by James V. Shuls, Ph.D.
When my college sweetheart and I asked our pastor if he would perform our wedding ceremony, he had one stipulation — we had to undergo marriage counseling. We agreed and thankfully learned the valuable lesson that conflict is inevitable. After 10 years of marriage, I can say that our counselor was absolutely right. Sometimes my wife and I fight over the most insignificant things, like how to fold the towels. That is why I am so surprised at the reaction of Common Core supporters to the grumblings of Common Core critics. Without the knowledge of the general public, state school chiefs and governors wed millions of American school children to a new, uniform set of learning standards. What our children learn is far more important than folding towels or most other things that cause conflict in our day-to-day lives. Why would you not expect conflict?
Like nearly every other state in the nation, my home state of Missouri adopted Common Core with hopes of winning a large grant through the U.S. Department of Education's Race to the Top program in 2010. As Missourians began to learn more about the new standards, a groundswell of opposition developed. This opposition culminated in the passage of House Bill 1490 in the spring of 2014. The bill calls for work groups to develop new learning standards for math, language arts, science, and social studies. I have had the fortunate pleasure of being appointed to one of these committees.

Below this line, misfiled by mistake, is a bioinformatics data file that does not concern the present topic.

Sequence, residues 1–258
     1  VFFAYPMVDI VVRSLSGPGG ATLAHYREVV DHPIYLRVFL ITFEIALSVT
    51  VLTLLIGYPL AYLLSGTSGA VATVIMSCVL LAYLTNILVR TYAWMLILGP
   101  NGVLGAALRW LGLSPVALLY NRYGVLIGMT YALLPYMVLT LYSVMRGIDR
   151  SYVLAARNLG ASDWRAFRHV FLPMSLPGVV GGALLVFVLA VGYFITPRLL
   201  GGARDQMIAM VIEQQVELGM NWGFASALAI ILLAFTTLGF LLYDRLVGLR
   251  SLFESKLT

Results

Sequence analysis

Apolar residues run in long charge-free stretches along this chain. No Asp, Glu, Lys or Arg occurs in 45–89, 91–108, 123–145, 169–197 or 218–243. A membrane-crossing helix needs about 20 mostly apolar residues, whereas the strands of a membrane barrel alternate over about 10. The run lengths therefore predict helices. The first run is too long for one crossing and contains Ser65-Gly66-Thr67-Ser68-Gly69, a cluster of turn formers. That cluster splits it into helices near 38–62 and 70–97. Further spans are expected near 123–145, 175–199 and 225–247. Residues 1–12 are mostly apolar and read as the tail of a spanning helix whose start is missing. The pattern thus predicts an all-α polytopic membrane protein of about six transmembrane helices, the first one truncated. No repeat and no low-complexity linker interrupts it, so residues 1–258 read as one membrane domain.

Admittedly, my work group, and every other, got off to a rocky start during our first two meetings. Voices were raised, individuals walked out, and the room was tense. Because of the conflict, many outside observers have scoffed at the proceedings. Recently, Commissioner of Education Chris Nicastro commented that the level of discord was unprecedented. News flash — when you centrally impose standards you invite discord.
This conflict should have been expected. What's more, it is a good thing. The citizens of Missouri are a diverse group of individuals. There are only two ways we can avoid conflict — stop centrally imposing standards or suppress the voices of some citizens.
Personally, I wish we would do the former. Setting standards implies that we know when students should learn each topic, which we do not. It stifles creativity and limits innovation. Moreover, there is not compelling evidence that setting standards at the state level will significantly impact student achievement. Thus, in an ideal world, we would equip local schools with the power to determine what works best for their students. We would allow them to determine which set of standards they would use. In other words, let them decide if fractions are best learned in fifth grade or sixth. Let them decide if students should be prepared for algebra at eighth grade or ninth. Of course, with this level of decentralization parents also should be empowered to choose the school that best meets the needs of their children.
Unfortunately, ignoring voices of dissent seems to be the preferred method of avoiding conflict by far too many people in leadership positions in Missouri and the rest of the nation.
Another alternative is to embrace the conflict and work to find positive solutions. If we are going to wed teachers, schools, and students to a new set of learning standards, we must be willing to listen to and reason with individuals we disagree with. As my wife and I learned in marriage counseling, the most important thing is not whether you have conflict, but how you deal with it.